Niles Flood-Preventing Garden Planted For Fall
Volunteers came out Wednesday to plant native grasses. Niles' innovative Community Rain Garden is a teaching tool for how to prevent flooding at your home. The plants also resist drought.
As Vince Mosca tossed mulch over newly-planted little bluestem Wednesday, he talked about how the Niles Community Rain Garden helps to prevent water runoff and flooding in homes during heavy rainstorms.
"It helps keep water out of basements," explained Mosca, of Hey and Associates, a consulting firm which works on stormwater management for the village.
Volunteers from Coca Cola, Hey and Associates, the Niles Garden Club, the village of Niles and Chris' Landscaping spent several hours pushing roots of little bluestem, which is a native prairie grass, into the soil of the Rain Garden and covering them with mulch.
Chris Zalinski of Chris' Landscaping in Niles had earlier cleared rocks from the large area, near the back wall of the garden, which is in the 7000 block of Touhy Avenue, just west of the Niles Police Station.
"We planted over 500 plants," said Steve Vinezeano, the assistant village manager.
Bill O'Rourke, marketing director for Coca Cola, which concentrates many of its community involvement efforts in projects that foster water quality (another benefit of the Rain Garden), said the planting project was a good team building effort for the Coca Cola employees.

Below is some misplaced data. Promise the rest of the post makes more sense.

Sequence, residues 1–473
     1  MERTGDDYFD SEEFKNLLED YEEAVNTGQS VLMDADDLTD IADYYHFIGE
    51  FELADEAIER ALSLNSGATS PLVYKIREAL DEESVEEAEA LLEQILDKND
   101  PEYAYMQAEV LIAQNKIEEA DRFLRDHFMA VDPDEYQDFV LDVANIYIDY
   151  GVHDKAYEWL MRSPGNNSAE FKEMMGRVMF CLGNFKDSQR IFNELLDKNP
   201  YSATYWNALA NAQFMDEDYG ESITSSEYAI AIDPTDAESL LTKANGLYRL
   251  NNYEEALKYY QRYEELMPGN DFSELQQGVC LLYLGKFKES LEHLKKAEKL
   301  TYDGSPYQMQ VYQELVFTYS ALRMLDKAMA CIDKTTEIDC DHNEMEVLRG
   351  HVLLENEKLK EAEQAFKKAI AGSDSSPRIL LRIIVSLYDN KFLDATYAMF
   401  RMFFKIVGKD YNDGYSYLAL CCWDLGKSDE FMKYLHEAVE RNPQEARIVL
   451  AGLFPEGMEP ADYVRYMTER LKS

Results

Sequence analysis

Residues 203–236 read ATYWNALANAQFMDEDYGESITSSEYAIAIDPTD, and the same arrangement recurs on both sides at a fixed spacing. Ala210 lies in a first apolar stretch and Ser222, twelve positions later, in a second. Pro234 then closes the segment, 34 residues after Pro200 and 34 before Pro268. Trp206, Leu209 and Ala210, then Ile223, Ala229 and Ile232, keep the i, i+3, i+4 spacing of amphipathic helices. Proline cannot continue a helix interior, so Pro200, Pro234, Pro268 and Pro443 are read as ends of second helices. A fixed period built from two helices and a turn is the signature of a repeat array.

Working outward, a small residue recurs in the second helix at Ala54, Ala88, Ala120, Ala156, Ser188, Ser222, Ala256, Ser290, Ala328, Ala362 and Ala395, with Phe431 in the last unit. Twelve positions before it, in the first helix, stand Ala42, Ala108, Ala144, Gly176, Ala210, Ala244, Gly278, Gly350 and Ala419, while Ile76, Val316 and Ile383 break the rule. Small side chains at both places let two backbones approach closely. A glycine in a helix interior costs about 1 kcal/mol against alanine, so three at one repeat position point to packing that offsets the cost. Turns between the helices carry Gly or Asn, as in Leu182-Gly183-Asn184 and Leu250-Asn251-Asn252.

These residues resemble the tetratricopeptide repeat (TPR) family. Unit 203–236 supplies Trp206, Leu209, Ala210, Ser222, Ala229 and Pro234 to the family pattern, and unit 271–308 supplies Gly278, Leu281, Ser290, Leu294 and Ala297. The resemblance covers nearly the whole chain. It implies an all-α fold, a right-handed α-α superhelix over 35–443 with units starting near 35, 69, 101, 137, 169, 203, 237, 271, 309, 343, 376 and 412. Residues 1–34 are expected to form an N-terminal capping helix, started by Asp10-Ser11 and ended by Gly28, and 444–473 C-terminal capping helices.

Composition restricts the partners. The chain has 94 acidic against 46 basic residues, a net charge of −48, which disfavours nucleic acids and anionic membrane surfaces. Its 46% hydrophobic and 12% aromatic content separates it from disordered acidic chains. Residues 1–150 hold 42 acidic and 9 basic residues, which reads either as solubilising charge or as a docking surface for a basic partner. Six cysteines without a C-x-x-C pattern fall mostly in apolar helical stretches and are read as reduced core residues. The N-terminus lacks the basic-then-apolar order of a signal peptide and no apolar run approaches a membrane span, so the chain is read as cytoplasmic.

"We did a lot of weeding and planting, and Vince gave us a lesson in rainwater conservation," O'Rourke said.
Mosca explained that the rain garden is part of the initiative for the village to keep water on land during heavy storms, rather than having it run off and flow into sewers and the Deep Tunnel, and possibly flood streets and basements.
The native plants' roots absorb a lot of water, and filter it of pollution and pesticides.
Athena Columbus, a co-founder of the Niles Garden Club earlier this year, noted that the native plantings and flowers lived up to their billing of being drought-resistant during this summer's hot temperatures and little rain.
"The advantage (of native plants) is that once they're established, you don't have to water them," she said. "Nobody waters them on the prairie except God."
Mosca said the young bluestem plants have a good root mass, and would have two to four weeks of growing time before they go dormant in the cold weather.